Did the domestic ancestors of today’s feral pigs streak off De Soto’s ship into the Florida scrub of their own accord in 1539? Or did they have to be urged to go find something to eat? All you need to…


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Garden Snail

Deliberately or accidentally, by the movement of plants and by hobbyists who collect snails, humans have spread the garden snail to temperate and subtropical zones around the world.


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Garlic Mustard

  Alliaria petiolata Native range: Europe, Asia, Northwest Africa Invasive range: Much of the Lower 48, Alaska, and Canada. (See map.) Habitat: Moist, shaded soil of floodplains, forests, roadsides, edges of woods, and forest openings. Often dominant in disturbed areas. Description: Biennial herb. First-year plant has a rosette of green leaves close to the ground. [...]


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Prickly Pear

Fall is here, and the “cactus fig” is in season. Time to plate-up another widespread invader.


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Sow Thistle

It’s spring and time to weed. Sow thistle is a delicious invader found throughout the continent.


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Sea

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Asian Shore Crab

The first sighting of the Asian shore crab in the United States was at Townsend Inlet, Cape May County, New Jersey, in 1988. Though the source is unknown . . .


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Periwinkles

Periwinkle

The common periwinkle, which first appeared in New England in the 1860s, is now found along the coast wherever there’s hard substrate–rocks, riprap, broken concrete, or docks–from Labrador to . . .


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Pterois volitans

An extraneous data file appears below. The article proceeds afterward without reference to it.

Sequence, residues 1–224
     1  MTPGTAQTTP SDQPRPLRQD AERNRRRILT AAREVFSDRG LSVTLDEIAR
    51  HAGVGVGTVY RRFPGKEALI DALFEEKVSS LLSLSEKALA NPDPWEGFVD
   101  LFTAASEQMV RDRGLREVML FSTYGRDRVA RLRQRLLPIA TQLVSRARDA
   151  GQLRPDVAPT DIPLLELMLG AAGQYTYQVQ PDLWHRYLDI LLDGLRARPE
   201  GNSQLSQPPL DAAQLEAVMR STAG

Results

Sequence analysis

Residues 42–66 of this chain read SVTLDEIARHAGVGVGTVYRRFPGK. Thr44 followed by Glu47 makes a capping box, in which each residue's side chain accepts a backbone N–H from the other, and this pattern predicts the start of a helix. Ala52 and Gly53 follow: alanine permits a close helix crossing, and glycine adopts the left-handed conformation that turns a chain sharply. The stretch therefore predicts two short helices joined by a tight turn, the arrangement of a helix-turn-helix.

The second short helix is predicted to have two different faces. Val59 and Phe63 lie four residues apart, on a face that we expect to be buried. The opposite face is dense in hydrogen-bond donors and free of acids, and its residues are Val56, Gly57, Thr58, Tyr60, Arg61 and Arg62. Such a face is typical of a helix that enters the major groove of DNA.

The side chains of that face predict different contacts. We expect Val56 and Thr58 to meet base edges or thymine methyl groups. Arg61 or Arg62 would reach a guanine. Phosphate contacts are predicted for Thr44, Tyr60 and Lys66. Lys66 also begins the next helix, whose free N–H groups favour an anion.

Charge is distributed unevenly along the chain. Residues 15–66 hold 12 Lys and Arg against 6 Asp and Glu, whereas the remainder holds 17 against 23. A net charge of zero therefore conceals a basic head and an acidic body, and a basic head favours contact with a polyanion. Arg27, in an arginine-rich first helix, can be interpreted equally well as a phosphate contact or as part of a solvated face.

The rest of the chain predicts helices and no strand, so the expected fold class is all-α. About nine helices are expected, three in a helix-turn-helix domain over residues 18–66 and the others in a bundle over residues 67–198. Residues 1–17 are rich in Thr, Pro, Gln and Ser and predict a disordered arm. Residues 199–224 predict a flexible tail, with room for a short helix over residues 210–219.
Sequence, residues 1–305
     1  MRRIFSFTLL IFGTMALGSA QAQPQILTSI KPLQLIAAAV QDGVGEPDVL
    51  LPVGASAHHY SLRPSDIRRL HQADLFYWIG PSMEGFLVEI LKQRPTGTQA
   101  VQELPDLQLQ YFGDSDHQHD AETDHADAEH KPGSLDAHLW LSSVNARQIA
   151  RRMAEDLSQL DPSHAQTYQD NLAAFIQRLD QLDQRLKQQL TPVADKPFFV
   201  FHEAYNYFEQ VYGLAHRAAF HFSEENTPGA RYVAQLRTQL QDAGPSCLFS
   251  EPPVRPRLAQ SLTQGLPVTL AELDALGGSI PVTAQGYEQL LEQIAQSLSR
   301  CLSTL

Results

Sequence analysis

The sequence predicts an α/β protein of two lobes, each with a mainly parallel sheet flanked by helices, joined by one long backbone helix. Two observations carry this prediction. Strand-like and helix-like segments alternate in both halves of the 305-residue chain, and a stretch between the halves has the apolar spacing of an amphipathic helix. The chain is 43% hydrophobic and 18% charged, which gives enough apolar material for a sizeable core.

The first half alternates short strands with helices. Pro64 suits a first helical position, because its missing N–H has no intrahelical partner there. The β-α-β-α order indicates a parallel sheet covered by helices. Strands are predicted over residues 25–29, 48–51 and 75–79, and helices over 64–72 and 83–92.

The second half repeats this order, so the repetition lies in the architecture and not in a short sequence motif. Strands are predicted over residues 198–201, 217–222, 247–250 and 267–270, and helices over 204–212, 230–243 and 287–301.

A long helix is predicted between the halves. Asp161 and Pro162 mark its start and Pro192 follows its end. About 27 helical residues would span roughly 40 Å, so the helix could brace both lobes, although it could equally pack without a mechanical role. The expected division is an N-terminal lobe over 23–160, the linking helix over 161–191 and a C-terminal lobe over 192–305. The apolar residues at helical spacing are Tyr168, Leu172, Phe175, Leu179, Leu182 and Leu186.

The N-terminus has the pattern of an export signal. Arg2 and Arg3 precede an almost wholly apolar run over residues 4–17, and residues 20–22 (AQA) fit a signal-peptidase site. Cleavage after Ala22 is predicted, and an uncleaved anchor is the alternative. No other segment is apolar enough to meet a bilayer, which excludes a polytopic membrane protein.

Lionfish

Some say it started in 1992 in Miami when Hurricane Andrew smashed an aquarium tank. Don’t blame the weather, others say; in the mid-nineties, disappointed yet softhearted hobbyists…


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Wakame

  Undaria pinnatifida Native range: Japan Sea Invasive range: Southern California, San Francisco Bay, New Zealand, Australia, Europe, Argentina Habitat: Opportunistic seaweed, can be found on hard substrates including rocky reefs, pylons, buoys, boat hulls, and abalone and bivalve shells. Description: Golden brown seaweed, growing up to nine feet. Forms thick canopy. Reproductive sporophyll in [...]


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Kleiner_Taschenkrebs_(Carcinus_maenas)

Green Crab

Since the green crab was first recorded off southern Massachusetts in 1817, it has been hard to ignore. A few minutes of rock-flipping in Maine can turn up dozens of them, brandishing their claws as they retreat…


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Fresh

Armored Catfish Meatballs (1)

Armored Catfish

The armored catfish is abundant and destructive in Florida, Texas, and Mexico. Cast your nets for these flavorful natives of the Amazon. Scientific name: Two types have become established in North America: armadillo del rio, Hypostomus plecostomus, and sailfin catfishes in genus Pterygoplichthys Native range: Amazon River Basin Invasive range: Texas, Florida, and Hawaii; also [...]


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Common Carp